Another such conflict came with her husband, Darío Sepúlveda, with whom she shared a son -- Michael Corleone Blanco, named after Al Pacino's character in The Godfather. When things turned sour between Griselda and Darío, their custody battle grew intense. Darío decided to take Michael to Colombia, and Griselda responded by paying to have him assassinated, and her son returned to live with her.

Downfall and Good Fortune

Griselda was finally arrested in Irvine, California, in 1985, after one of her top hitmen and enforcers, Jorge Ayala, turned on her and became a witness for the prosecution. She was charged and convicted of three murders -- despite the fact that she was believed to be responsible for at least 40 and up to 200 in total.

One of the people she was convicted of being responsible for killing was a 2-year-old boy, Johnny Castro, who was the son of a former enforcer who she felt betrayed by. Her hitters were attempting to shoot the enforcer, but instead struck and killed his son.

Metro Dade Police Department

Ayala reportedly told police during their investigation, "At first she was real mad because we missed the father, but when she heard we had gotten the son by accident, she said she was glad, that they were even."

While she was seemingly destined to spend the rest of her life behind bars, Blanco's prosecution was derailed by a sex scandal inside the state attorney’s office, involving Ayala having phone sex with some of the secretaries working for the prosecution. In 1994, Griselda eventually took a deal and pleaded guilty to three counts of second degree murder, with a sentence of 20 years.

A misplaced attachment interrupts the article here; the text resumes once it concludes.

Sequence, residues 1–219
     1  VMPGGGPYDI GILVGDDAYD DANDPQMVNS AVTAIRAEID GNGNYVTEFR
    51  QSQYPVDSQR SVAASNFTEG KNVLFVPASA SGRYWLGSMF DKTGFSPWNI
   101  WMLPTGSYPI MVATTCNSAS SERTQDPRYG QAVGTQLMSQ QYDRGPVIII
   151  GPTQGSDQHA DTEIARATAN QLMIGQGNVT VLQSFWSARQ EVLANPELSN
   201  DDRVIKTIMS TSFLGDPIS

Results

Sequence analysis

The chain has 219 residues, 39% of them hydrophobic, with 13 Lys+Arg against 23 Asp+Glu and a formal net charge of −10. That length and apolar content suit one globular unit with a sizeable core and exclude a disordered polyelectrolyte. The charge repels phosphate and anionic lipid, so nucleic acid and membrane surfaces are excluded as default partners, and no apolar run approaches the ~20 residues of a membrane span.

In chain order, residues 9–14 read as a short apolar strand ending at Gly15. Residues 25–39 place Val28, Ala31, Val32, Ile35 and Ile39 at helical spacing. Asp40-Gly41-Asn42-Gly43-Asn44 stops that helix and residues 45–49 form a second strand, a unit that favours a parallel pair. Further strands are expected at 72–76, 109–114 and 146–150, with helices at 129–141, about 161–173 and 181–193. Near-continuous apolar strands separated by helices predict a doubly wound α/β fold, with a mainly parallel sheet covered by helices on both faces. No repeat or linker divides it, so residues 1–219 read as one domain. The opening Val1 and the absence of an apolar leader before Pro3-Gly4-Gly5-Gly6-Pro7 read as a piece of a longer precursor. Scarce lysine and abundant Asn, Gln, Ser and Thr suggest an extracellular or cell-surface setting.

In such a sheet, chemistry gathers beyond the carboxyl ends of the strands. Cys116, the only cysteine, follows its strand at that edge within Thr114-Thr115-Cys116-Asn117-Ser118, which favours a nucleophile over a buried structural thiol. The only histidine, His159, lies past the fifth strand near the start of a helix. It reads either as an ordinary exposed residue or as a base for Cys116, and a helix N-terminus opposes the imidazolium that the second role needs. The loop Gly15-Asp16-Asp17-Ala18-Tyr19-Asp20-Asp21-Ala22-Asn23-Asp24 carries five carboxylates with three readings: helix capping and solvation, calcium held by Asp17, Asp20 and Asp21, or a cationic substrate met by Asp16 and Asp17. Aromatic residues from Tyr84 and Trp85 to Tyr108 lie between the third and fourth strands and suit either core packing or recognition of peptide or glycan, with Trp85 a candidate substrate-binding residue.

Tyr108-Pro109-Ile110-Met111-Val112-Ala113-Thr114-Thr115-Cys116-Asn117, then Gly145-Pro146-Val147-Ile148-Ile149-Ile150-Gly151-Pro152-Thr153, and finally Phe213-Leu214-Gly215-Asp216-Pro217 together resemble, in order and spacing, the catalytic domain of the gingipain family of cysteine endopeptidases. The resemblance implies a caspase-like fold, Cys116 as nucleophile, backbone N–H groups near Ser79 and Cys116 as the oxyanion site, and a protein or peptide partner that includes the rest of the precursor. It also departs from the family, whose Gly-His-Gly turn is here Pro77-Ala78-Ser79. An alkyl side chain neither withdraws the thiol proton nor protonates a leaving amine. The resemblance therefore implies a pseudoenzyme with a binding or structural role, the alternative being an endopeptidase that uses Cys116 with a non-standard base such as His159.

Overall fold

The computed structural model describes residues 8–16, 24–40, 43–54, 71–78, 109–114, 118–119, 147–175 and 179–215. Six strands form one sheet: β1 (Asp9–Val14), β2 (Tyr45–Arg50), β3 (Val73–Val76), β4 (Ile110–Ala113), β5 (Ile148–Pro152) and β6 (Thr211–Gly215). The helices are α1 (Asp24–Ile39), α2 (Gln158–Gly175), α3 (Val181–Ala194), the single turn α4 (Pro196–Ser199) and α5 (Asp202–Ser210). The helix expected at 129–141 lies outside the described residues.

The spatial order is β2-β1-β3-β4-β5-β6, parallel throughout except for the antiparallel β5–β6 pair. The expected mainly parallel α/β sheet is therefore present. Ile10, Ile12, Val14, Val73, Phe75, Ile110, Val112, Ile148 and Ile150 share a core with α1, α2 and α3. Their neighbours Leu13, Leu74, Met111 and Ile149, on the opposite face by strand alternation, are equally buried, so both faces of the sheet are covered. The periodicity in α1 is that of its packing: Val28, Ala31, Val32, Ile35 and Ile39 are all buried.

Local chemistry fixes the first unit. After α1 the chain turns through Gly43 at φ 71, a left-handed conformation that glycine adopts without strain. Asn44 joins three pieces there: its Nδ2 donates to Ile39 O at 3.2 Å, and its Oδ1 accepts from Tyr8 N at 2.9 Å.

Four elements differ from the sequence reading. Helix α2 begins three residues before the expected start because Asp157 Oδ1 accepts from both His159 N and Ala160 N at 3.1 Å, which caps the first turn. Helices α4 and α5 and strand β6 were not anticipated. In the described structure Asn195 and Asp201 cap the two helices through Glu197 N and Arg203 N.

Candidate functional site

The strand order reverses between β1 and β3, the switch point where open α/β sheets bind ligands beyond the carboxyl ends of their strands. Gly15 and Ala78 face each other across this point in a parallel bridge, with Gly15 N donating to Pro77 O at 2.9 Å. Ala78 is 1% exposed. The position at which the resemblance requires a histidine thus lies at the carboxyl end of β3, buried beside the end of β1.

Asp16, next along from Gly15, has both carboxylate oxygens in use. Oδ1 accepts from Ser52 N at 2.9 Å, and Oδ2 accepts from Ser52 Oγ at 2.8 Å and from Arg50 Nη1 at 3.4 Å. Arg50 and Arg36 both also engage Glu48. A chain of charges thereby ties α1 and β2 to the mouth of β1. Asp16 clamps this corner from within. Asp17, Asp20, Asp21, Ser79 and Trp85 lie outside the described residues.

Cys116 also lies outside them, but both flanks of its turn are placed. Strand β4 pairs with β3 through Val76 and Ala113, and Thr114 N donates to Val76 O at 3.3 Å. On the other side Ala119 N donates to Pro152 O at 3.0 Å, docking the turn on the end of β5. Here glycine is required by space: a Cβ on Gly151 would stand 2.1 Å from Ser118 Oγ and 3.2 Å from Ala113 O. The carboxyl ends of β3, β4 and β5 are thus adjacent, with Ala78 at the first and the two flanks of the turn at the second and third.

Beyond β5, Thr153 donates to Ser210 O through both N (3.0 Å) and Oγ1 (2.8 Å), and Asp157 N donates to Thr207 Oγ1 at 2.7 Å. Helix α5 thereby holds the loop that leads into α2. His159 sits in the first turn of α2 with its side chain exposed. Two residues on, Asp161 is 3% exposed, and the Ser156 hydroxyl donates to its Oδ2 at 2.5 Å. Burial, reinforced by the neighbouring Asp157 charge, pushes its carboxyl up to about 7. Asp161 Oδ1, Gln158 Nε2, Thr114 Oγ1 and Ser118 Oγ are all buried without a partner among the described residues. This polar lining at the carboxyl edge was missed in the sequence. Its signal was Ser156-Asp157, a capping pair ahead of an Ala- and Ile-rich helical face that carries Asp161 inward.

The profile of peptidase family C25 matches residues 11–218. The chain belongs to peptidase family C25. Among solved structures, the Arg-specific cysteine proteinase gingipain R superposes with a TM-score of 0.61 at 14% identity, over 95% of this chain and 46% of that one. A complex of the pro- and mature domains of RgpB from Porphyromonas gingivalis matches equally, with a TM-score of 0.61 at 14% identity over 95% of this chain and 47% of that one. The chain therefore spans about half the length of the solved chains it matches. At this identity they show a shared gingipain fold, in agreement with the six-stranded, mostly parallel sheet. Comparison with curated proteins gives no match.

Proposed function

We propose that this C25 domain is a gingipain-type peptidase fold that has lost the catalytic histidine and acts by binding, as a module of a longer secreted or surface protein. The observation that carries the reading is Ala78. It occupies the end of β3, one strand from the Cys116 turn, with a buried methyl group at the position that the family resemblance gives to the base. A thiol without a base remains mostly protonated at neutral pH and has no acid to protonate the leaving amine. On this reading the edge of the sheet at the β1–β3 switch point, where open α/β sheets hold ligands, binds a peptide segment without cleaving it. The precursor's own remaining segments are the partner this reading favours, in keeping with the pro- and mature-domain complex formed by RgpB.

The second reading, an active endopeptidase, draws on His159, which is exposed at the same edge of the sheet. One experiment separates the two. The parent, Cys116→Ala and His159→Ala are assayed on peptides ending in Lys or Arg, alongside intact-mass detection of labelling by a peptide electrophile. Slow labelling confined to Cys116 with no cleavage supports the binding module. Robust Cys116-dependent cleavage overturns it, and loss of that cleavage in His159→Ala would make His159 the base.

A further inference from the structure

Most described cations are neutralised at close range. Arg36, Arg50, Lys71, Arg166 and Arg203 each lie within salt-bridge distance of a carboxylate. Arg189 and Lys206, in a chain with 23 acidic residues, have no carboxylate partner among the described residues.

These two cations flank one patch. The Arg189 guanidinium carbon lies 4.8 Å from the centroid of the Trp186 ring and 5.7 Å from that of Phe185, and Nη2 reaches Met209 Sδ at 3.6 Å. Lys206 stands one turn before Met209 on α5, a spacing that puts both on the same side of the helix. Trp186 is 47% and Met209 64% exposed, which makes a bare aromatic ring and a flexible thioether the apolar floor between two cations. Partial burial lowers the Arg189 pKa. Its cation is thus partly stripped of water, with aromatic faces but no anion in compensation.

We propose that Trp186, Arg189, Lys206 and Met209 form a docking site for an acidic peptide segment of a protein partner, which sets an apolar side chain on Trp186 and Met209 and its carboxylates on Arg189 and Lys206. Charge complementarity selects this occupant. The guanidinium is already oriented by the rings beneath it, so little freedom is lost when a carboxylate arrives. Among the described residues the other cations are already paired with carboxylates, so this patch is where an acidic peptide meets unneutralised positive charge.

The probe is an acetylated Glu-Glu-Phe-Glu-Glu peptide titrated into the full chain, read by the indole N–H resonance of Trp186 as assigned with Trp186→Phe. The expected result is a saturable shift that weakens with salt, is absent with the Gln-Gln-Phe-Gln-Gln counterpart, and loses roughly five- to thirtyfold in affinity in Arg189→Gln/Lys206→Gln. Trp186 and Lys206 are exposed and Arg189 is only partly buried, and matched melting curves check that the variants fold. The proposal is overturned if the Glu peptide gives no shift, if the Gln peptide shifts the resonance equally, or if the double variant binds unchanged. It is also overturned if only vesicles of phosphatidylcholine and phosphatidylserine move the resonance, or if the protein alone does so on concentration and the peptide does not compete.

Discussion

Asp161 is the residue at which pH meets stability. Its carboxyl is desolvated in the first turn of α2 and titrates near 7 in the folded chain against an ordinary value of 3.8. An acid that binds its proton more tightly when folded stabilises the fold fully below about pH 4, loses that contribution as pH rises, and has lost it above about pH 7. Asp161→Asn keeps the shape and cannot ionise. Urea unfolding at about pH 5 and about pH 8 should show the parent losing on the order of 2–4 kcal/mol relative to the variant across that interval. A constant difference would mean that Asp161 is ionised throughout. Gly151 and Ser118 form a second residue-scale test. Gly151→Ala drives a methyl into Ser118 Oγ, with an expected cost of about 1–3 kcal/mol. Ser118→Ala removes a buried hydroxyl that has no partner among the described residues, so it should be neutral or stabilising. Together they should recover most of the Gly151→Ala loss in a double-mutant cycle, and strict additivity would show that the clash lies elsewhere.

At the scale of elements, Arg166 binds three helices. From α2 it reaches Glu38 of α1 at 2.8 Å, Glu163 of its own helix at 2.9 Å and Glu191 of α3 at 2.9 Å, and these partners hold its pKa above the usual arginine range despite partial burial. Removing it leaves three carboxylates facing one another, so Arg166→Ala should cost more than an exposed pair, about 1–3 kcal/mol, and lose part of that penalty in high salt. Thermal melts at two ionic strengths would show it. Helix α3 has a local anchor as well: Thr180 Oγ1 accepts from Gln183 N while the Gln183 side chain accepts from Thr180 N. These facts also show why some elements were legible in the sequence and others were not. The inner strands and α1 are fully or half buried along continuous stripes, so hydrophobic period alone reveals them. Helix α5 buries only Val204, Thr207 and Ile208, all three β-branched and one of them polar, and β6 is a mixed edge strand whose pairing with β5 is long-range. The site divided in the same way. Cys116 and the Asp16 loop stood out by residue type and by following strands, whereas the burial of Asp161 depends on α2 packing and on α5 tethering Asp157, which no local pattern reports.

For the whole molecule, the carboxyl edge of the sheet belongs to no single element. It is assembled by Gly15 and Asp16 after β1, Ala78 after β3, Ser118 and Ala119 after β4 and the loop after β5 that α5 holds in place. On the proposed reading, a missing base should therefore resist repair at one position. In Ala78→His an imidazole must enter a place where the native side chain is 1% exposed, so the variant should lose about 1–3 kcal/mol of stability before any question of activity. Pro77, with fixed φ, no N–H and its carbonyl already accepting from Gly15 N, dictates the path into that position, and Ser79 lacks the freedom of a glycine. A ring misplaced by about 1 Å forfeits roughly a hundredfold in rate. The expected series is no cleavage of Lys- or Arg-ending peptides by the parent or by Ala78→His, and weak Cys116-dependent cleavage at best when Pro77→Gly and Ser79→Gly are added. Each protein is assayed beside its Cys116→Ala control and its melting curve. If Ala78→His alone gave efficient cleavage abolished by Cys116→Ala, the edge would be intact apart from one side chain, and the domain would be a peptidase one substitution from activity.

The End of the Road

In 2004, citing her declining health, Griselda was granted compassionate release and was sent back to Medellín -- which looked vastly different from the Medellín she grew up in. She lived a quiet life and stayed out of trouble.

However, in an ironic twist of fate, trouble caught up with her in the form of a motorcycle drive-by. While leaving a butcher shop on Sept. 3, 2012, two gunmen on motorcycles sped by, guns ablaze, and she was shot twice in the head. Griselda died from her injuries, bringing an end to her violent and turbulent life.

Griselda is survived by her son, Michael. She was preceded in death by her three sons with her first husband -- Uber, Osvaldo and Dixon Trujillo -- who were all killed after getting into the drug trade.

The Netflix Series

Sofia Vergara will portray the Cocaine Godmother in Griselda -- which also stars Alberto Guerra, Christian Tappan, Martín Rodríguez, Juliana Aidén Martinez, Vanessa Ferlito, and includes a guest appearance from Colombian singer Karol G.

Griselda debuts with all six episodes on Jan. 25 on Netflix.